From Fatigue to Fevers, Sensors Keep Us Safe
Sensors can help avoid a car crash, but can they help surgeons know when they’re too tired or dehydrated to operate? MITRE researchers developed an optical monitoring system that—without touching a person—can assess their temperature, heart rate, and respiratory rate. Together, the data can determine the likelihood of fatigue.
We were testing this sensor system at the Mayo Clinic when the COVID-19 pandemic hit. Immediately, our researchers recognized a new application for the technology: monitoring people’s temperatures remotely. This data is key, as a fever is one of the main symptoms that many people with SARS-CoV2 experience.
We rapidly prototyped a thermal imaging system, using long-wavelength infrared technology, to remotely determine a person’s temperature. We first tested this system in our own offices to ensure its accuracy. Next, we partnered with other public and private sector organizations, including the Transportation Security Administration and Veterans Affairs, to modify the capability to meet their mission needs. MITRE’s independent R&D program largely focuses on the government’s future needs, but we can quickly pivot our research to meet rapidly emerging needs. Our aim is to put new—and timely—solutions into the hands of our sponsors and stakeholders to enable their critical missions.
We’ve applied our deep expertise in technology development—including sensors and advanced electronics systems—to create innovative solutions in ever-evolving fields, from aviation to cybersecurity to healthcare.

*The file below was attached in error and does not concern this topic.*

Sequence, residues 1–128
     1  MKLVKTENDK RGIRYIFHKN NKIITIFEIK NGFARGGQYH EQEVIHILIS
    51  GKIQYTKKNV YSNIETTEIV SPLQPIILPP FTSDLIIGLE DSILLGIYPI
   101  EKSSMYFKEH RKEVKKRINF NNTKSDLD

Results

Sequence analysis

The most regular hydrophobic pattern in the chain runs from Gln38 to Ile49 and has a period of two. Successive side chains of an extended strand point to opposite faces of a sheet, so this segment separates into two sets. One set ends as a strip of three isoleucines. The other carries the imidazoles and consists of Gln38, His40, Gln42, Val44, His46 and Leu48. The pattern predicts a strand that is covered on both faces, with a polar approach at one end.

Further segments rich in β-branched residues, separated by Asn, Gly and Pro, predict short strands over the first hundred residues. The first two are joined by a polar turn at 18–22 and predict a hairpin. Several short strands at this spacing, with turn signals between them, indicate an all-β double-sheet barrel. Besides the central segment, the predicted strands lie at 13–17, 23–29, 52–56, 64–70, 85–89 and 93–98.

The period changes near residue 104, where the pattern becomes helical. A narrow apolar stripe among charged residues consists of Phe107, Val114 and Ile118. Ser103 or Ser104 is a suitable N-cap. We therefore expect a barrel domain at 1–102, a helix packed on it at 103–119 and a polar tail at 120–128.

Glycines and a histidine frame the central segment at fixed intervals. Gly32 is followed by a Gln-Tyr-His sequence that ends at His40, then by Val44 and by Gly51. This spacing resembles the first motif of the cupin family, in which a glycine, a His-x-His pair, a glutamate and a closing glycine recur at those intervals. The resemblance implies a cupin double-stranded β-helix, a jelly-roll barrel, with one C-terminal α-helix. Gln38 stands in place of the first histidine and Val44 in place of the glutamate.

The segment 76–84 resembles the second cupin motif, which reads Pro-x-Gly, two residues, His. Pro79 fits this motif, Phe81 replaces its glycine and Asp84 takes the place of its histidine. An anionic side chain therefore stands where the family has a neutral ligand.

We’re adapting sensor technology to remotely detect fever and fatigue.
It’s one of the many ways our research helps keep people safe.
Faster Access to Satellite Data Connecting More Users
Analytical Space Inc. (ASI) is launching a technology demonstration spacecraft intended to pave the way for users on the ground to gain faster to satellite data.
MITRE’s novel wideband phased array antenna enhances the CubeSat’s capacity to communicate with other satellites and ground users.
ASI’s 3U CubeSat, dubbed Meshbed, will perform on-orbit testing of MITRE’s Frequency-scaled Ultra-wide Spectrum Element (FUSE) antenna.
Meshbed and FUSE will benefit a wide range of commercial and
The MITRE innovation ecosystem connects our research, laboratories, platforms, and sponsor work in a virtuous circle, with each area feeding the others.
Dr. Jay Schnitzer
MITRE Chief Technology Officer and Chief Medical Officer
Where do people, processes, and technologies come together to transform transportation? MITRE’s state-of-the-art IDEA lab, where we run complex simulations and experiments to solve global challenges in aerospace and transportation.
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